On 4 March 2018, I attended the Adelaide Writers’ Week. I always get excited when I hear about the authors that will be coming and talking about their work. I remember last year listening to Paula Byrne speak about her Jane Austen biography and how it was inspired by significant objects in Austen’s life. Hearing that side of Austen’s story and Paula’s love for writing about people’s lives was absolutely astounding. Unfortunately, I was only able to attend one panel last year. This year, I was able to fit in two, although I wish it could have been more!
The first was called Kinds of Madness and had the authors Alexander Maksik and Samanta Schweblin on the panel, which looked into writing novels about mental illness and how they approached the complexities of it. Then straight after that panel I listened to Rebekah Clarkson, Sofie Laguna and Wendy Orr talk about the books that changed their lives. Both panels provided a magnificent insight into the life of an author and allowed there to be a personal connection between author and book, author and reader, and reader and book.
Before I go into the details of each panel, I want to write a little bit about the atmosphere I felt when I was there. To see lovers of writing and reading enjoying the company of one another while listening to fellow writers and readers speaking about their experiences felt reinvigorating. There’s something energising about being around people with similar interests and passions and knowing you’re not being judged for your interests.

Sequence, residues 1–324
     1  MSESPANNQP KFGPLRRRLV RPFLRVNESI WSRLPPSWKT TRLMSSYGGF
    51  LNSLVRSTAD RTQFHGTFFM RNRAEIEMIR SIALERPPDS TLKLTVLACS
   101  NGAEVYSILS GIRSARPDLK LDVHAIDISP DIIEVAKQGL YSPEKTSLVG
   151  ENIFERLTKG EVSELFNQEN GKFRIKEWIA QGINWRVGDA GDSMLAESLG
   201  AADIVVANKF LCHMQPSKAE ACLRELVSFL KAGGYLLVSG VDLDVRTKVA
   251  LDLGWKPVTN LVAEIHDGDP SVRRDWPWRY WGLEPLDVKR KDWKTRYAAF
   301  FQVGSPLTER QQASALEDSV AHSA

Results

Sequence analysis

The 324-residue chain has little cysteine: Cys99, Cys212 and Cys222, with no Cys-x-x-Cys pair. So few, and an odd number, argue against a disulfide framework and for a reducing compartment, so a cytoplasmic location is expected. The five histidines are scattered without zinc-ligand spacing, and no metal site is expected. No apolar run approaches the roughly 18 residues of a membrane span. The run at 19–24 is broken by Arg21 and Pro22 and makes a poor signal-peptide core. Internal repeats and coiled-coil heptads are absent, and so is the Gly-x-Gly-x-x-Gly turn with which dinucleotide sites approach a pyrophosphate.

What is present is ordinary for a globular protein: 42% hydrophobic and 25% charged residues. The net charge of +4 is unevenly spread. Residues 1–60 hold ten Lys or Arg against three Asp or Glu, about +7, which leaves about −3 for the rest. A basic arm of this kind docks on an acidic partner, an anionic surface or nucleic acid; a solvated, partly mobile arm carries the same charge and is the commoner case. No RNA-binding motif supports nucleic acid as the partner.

In other areas of life, it is seen as a social norm not to sit next to someone who you don’t know to avoid awkward contact with a stranger. It’s a shame in some respects since everyone has their own stories to tell and interesting things to say. Unfortunately, it is what it is and will probably continue to be for a long time (that is, in the culture that I am a part of).
However, this was not the case at the writers’ week. It wasn’t seen as odd to sit next to someone who you didn’t know to listen to the speakers because everyone was there to do the same. There was a silent camaraderie that allowed people to sit comfortably and enjoy the event. It made people feel at ease to lean across and speak to the person sitting next to them and make a comment about what was said. People laughed together, wrote in silent groups or discussed the stories and authors they were interested in.